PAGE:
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Saturday May 27, 2017

Mold Counts Explode after Hurricane Irene and Continued Rainfalls

News Release
Thursday September 8, 2011

Mold Counts Explode after Hurricane Irene and Continued Rainfalls

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Can menacing molds affect your allergies and asthma?

NEW BRUNSWICK, N.J.: – In the aftermath of Hurricane Irene with its devastating rainfall and subsequent flooding, a dramatic increase in the amount of mold found inside and outside the home can be expected.

According to Leonard Bielory, M.D., an allergy specialist with the Rutgers Center of Environmental Prediction at the School of Environmental and Biological Sciences, molds–along with pollens from trees, grasses, and weeds– are an important trigger of allergic rhinitis and asthma.

“Mold spores contain allergens, substances that some immune systems recognize as dangerous,” says Bielory, who is also director of the STARx Allergy and Asthma Center in Springfield, New Jersey.

“Exposure to mold can trigger an allergic reaction such as nasal stuffiness, eye irritation, wheezing, coughing and hay fever-like symptoms,” he adds. Similar events have occurred in Louisiana after Hurricane Katrina, and with mold counts as high as 10,000, allergy sufferers are facing more stress than usual. Bielory typically sees mold levels ranging from 2,000 to 6000, so current readings are almost double the norm, with even higher levels in crawl spaces and basements.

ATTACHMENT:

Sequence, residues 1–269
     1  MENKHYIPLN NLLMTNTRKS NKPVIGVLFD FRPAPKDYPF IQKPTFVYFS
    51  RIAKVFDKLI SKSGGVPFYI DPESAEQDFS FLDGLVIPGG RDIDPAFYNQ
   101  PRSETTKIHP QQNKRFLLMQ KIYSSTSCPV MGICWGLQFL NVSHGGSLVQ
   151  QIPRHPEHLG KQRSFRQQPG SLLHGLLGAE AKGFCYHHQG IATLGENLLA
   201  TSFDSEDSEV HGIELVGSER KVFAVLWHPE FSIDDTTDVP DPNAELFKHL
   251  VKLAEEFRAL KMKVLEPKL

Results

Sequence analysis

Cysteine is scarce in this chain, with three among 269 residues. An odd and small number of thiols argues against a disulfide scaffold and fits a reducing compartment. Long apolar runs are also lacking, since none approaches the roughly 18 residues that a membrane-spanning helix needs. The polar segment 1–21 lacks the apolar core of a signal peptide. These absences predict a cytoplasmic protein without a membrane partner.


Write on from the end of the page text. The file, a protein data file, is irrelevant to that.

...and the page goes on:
In addition to the potential effects on outdoor mold growth and allergen release related to changing climatic variables, there is also concern about indoor mold growth in association with rising air moisture, especially after extreme storms and flooding, explains Bielory. Mold allergy, associated with asthma and other respiratory symptoms are 30–50% more prevalent in damp houses, especially damp basements. ”This is now a commonplace problem after Hurricane Irene and with the continue rainfall of the last week or so,” he says

Graph of mold spore counts

Mold spore counts in NJ pre- and post-Hurricane Irene


     
Molds are microscopic organisms that are pervasive in any outdoor environment. However, they may be brought inside via clothing, shoes and soils. Mold needs only a food source, warm environment and moisture to grow. It may be invisible to the eye or look like furry growth, black stains or specks of black, white, orange, green and brown on surfaces. Large infestations are usually visible or give off a noticeable smell.

Most fungi are well adapted for wind spore dispersal. Species such as Alternaria, Cladosporium and Aspergillus have been associated in some, but not all studies, with a higher prevalence of asthma hospital admissions. Increased humidity along with higher wind speeds trigger spore production and dissemination. Exposure to high levels of outdoor mold is frequently linked to increased asthma symptoms and severity, leading to increased emergency care visits. But indoor molds also pose a hazard and usually follow storms with heavy rainfall and flooding commonly associated with basements or crawl spaces, under sinks, and near windows and leaky pipes.

Dr. Bielory recommends the following steps to rid your home of mold:
•    Wear a filter mask if mold exposure is anticipated
•    Eliminate any source of excess dampness in basements
•    Keep indoor humidity levels between 40-50 percent (use a dehumidifier, if necessary)
•    Change heating and cooling filters regularly
•    Clean washable surfaces with a bleach solution
•    Use exhaust fans in the bathroom and wipe down the shower after use
•    Monitor pollen and mold counts at NYNJPollen.com.

Media Contact: Paula Walcott-Quintin
848-932-4204
E-mail: quintin@aesop.rutgers.edu

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